I hate to say no.
It feels like I’m letting people down. Like someone suddenly put me on the spot and asked me, in front of the whole world, how much I care for them. And if I say, “no, sorry, I can’t,” everyone will know I don’t love them enough to help them. And then they won’t love me.
Do you ever feel like that?
And so, I say yes. And then resent it.
Like last month, when a dear friend asked me to help her with her blog. I was behind with work and wanted to spend the day home to catch up but when she called, I said, “yes, sure” and jumped on the tube to go to her place.
It didn’t take too long. We managed to find the problem pretty quickly and then we had a good chat in front of a warm cup of tea. But… for all the time I was there, I couldn’t stop wishing I were at home catching up on my work.
But when you say yes to something, you say no to something else. And when that something else is your dream, self-care and time for the things that really matter to you, you end up becoming easily irritated, stressed out and resenting the very people you’re trying to help!
I’m not saying you should say no to everything and everyone. It’s good to help people – when you can. It’s only when helping and taking care of others is all you do, to the point that you don’t have any time to chase your goals and dreams, that it becomes a problem.
That’s when you know you need to utter the dreaded 2 letter word “NO”. Here are a few helpful tips to help you say no so you can do more of the things you really want to do and less of the things other people want you to do:
Listen To Your Intuition
You know that tinge of hesitation you feel when someone asks you something? Listen to it. It’s your gut telling you that something’s wrong. Maybe the opportunity isn’t that enticing. Maybe it is but you know in your heart of hearts that you don’t have the time to fully dedicate to it. Maybe you want to help for the wrong reasons, like getting someone to like you.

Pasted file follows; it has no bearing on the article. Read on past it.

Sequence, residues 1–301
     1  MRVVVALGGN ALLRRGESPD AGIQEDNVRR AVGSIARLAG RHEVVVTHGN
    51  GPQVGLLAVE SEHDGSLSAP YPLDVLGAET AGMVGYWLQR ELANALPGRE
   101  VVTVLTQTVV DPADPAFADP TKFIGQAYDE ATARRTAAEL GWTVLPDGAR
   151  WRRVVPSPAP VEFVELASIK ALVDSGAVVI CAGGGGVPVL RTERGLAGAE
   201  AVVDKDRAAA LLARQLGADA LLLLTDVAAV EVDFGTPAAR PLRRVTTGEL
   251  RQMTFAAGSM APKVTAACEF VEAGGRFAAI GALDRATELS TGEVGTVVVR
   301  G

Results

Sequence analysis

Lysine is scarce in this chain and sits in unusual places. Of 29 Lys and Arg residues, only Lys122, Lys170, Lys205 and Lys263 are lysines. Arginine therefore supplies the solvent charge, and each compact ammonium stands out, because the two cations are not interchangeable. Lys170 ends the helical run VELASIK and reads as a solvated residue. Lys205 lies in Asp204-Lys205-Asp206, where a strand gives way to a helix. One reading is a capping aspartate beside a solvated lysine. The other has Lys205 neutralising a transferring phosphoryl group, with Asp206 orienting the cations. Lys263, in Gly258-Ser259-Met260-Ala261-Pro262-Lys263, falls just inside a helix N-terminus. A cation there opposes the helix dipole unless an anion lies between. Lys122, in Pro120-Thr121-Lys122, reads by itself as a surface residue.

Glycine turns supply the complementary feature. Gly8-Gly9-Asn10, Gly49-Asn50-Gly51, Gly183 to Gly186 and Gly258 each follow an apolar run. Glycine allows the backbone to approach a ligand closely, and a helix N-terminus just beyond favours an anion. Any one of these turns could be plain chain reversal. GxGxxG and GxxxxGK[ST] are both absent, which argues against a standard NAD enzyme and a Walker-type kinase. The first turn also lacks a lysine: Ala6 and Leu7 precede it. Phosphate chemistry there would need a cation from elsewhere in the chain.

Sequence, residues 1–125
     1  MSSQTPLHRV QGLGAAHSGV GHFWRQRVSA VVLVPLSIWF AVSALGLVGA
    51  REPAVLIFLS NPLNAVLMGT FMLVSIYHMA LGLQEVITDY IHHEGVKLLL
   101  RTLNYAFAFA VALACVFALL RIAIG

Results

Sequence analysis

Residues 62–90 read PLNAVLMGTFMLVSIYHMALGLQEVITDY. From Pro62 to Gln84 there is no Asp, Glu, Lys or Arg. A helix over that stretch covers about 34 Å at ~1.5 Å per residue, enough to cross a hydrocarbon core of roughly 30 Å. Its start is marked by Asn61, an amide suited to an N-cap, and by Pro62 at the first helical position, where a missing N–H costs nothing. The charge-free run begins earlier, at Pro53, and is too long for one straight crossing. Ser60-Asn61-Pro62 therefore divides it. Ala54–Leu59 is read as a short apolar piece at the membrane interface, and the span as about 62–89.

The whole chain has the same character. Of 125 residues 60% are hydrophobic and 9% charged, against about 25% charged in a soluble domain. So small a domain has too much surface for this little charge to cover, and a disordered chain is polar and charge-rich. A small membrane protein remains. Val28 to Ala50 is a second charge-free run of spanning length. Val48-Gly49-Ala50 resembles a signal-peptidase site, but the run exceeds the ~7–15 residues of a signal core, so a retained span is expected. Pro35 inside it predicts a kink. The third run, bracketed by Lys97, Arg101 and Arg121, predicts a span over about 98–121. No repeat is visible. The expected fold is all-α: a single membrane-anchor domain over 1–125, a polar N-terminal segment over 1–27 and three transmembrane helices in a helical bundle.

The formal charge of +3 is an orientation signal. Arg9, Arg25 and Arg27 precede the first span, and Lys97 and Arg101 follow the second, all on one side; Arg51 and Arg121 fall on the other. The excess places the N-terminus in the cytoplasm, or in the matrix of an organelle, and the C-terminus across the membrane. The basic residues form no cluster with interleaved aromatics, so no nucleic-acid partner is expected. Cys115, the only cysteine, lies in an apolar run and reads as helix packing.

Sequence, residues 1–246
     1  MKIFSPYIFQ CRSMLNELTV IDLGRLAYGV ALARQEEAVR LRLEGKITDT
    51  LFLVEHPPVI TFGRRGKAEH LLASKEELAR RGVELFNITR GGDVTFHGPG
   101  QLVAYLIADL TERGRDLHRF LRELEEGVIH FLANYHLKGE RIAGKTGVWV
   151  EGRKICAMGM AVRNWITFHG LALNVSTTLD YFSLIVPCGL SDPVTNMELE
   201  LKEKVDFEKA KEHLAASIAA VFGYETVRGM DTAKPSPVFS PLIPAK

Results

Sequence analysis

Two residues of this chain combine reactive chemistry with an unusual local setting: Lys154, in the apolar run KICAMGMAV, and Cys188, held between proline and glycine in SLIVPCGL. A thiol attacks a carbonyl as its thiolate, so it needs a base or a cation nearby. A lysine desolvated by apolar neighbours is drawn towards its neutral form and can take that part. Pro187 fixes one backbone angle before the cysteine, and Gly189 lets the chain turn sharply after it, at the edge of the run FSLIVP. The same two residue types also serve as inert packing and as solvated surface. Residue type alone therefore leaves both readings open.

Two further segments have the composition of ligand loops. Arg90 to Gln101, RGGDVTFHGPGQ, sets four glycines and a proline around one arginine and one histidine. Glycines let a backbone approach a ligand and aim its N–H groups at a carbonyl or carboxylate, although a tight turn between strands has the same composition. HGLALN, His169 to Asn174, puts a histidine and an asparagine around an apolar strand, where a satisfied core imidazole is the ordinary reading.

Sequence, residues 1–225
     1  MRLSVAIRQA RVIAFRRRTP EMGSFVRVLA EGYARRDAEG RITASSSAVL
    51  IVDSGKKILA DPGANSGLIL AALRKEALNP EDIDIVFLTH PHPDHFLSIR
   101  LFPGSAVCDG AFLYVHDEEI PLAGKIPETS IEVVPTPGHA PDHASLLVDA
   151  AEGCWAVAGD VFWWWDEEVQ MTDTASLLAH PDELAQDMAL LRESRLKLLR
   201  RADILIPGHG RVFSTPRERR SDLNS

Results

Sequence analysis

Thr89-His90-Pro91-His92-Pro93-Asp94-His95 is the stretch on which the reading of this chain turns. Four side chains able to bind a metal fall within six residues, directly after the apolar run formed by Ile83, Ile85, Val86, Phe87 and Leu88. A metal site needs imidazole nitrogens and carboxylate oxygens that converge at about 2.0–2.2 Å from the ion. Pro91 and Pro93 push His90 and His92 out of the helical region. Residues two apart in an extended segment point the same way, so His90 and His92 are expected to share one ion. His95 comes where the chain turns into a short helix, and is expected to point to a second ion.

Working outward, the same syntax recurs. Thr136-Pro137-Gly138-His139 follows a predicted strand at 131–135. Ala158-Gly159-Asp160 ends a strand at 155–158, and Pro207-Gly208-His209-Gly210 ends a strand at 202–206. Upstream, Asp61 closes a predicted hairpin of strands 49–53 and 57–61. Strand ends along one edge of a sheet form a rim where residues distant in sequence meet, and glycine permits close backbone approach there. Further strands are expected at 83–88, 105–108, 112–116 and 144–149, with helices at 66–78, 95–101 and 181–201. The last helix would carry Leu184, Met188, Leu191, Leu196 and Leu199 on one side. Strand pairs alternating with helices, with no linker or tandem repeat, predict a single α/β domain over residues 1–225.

But when you really want to do something? You feel butterflies in your stomach. You get a twinkle in your eye. Your whole self-lights up.
If it’s not a resounding yes from the start, it’s a no.
Related: How To Know When To Quit Or Commit
What Are You Giving Up?
I said it before and I’ll say it again: when you say yes to something, you say no to something else. We all want to do all the things but the truth is that we only have 24 hours in a day. And if you’re spending all your waking hours fulfilling other people’s agendas, you’ll get to the end of the day burned down, stressed out and wondering when the heck is your turn.
So, next time someone asks you to do something, think about what you’re giving up for it. Maybe it means postponing work on your side hustle. Or staying up till the wee hours in the morning. Can you fulfill the other person’s request without taking time away from your goals and self-care? If you can’t, say no.
Say It Later